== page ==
December 13, 2016: still birth
Gestational age: 41 weeks
Date Senna died: December 12, 2016
Parents: Hannah and Scott
Siblings: Unnamed (miscarriage), Cyan age 1 year
Senna Lynn was, and still is, everything I imagined and so much more. When I saw her for the first time, absent of a heart beat but yet still warm from the confines of my womb, it’s like all of the story lines in my life came together. It was as if I had known her all my life. She was mine, and I was hers. I was awestruck by the overwhelming sense of love I felt for this tiny person who never even took a breath. I recall crying out, “I made this!” over and over as I held her as high as I could, her feet (which look just like mine) still touching my chest. I went from telling my husband and my midwives I didn’t want to hold her to demanding her the second I felt her slide out of the birth canal with that one final push. People can tell you what it can be like when you first meet your child and how your heart grows when you become a parent, but you just don’t know until you know.
I’m getting ahead of myself, though. Let me rewind.
I can still feel the hope and excitement that I carried throughout my pregnancy with Senna. Pregnancy is far from my favorite thing, and I’m not one to feel an immense attachment. I call myself a human incubator, walking around outside in negative temperatures without a coat and complaining about my back. But still, there was a magic. Scott and I were on the seams of life changing forever, and we knew it. We were about to experience something we had waited for for so long and felt more ready than ever. I posted weekly updates, invited anyone who would listen to read my most private thoughts, and took in every second we could.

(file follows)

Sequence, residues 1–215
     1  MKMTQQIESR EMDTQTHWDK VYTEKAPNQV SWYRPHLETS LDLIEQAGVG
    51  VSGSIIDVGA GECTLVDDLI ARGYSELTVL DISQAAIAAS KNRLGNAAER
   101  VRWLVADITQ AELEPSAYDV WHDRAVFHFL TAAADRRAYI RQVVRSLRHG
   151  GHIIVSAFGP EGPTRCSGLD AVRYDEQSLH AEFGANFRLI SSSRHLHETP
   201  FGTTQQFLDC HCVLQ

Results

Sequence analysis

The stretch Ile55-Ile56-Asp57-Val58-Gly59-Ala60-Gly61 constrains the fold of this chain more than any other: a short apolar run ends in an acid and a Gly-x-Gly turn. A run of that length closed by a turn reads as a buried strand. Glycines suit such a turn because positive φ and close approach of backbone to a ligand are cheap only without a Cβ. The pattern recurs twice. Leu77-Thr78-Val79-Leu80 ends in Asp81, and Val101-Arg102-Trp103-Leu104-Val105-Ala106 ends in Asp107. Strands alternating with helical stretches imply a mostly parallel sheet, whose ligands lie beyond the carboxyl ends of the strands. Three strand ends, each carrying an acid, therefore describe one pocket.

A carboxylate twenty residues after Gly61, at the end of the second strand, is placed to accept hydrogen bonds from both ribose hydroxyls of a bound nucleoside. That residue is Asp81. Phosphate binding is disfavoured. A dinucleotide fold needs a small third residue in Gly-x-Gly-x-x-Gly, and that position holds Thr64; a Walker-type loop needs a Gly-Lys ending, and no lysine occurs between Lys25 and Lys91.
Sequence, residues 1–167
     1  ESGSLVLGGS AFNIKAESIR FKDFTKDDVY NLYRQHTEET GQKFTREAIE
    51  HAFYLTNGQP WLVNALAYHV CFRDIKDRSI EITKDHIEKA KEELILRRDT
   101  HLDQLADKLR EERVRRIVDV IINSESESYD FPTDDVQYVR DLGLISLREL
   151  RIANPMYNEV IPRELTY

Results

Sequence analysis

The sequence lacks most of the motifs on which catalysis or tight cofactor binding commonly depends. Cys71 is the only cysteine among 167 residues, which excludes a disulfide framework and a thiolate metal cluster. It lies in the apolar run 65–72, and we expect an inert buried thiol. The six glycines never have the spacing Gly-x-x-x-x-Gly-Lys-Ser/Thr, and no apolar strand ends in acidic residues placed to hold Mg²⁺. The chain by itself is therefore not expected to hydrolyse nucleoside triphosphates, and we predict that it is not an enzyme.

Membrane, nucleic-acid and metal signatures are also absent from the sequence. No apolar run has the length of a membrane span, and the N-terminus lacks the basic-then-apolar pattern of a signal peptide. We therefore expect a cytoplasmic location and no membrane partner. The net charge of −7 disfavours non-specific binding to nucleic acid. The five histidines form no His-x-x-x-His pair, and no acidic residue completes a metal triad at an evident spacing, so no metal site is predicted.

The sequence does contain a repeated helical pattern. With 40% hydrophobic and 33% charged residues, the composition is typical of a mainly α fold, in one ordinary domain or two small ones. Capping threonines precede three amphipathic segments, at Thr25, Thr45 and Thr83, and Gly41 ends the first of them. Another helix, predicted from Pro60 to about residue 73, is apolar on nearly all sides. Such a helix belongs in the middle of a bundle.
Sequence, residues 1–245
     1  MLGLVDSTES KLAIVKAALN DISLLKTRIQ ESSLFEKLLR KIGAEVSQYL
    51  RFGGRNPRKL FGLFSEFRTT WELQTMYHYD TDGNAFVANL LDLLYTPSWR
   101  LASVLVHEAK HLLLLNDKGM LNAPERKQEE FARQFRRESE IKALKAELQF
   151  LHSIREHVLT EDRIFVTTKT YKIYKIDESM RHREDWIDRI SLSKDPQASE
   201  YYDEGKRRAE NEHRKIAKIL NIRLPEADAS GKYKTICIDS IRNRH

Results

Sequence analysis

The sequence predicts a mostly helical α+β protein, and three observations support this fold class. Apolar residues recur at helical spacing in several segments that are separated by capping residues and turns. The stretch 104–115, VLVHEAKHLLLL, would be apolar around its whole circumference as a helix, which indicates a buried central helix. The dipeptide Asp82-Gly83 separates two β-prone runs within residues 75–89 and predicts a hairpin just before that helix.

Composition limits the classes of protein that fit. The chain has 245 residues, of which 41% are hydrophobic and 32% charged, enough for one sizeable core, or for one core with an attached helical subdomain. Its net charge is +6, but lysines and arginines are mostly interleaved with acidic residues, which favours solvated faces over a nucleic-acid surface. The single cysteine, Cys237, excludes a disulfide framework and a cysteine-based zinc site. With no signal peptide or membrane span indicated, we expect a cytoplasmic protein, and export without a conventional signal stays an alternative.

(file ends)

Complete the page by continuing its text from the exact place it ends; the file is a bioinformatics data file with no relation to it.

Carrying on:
And then… it was all over.
There are a lot of details I could tell you. I could go over the three weeks of active prodromal labor I experiences and what I bitch I was to everyone around. I could talk about writing my final college paper bouncing on the birthing ball between contractions. I could write about how the midwife commented on how calm I was as she rushed me up the stairs of the hospital, but that’s not really important.
What’s important is that the Hannah who once was ceased to exist moment that doctor looked at me and told me there was no heartbeat. I closed my eyes, hoping to solder them shut, and screamed a scream so gruesome and primal everyone who was waiting on the other side of the triage curtain was gone by the time I came to. I didn’t even ask the doctor if she was sure, I just knew. All of the machines, doctors, and hospital staff had left the room and it was just me, my husband, and my midwife. I went from “I’m going to have a c-section” to “I am going to die.” Because when all hope is lost, how can you even imagine surviving day to day life, let alone labor and delivery of you full term infant who is also dead?
I remember staring at my bloated, pregnant belly in the mirror of the bathroom wondering how I could ever learn to love myself with my new stretch marks and forever changed body without having a baby to ooh and ahh over. I remember being absolutely repulsed by the idea that there was a dead person inside of me and just wanting it all to be over, but being unwilling to have a c-section, because the last thing I wanted was to lose even more control.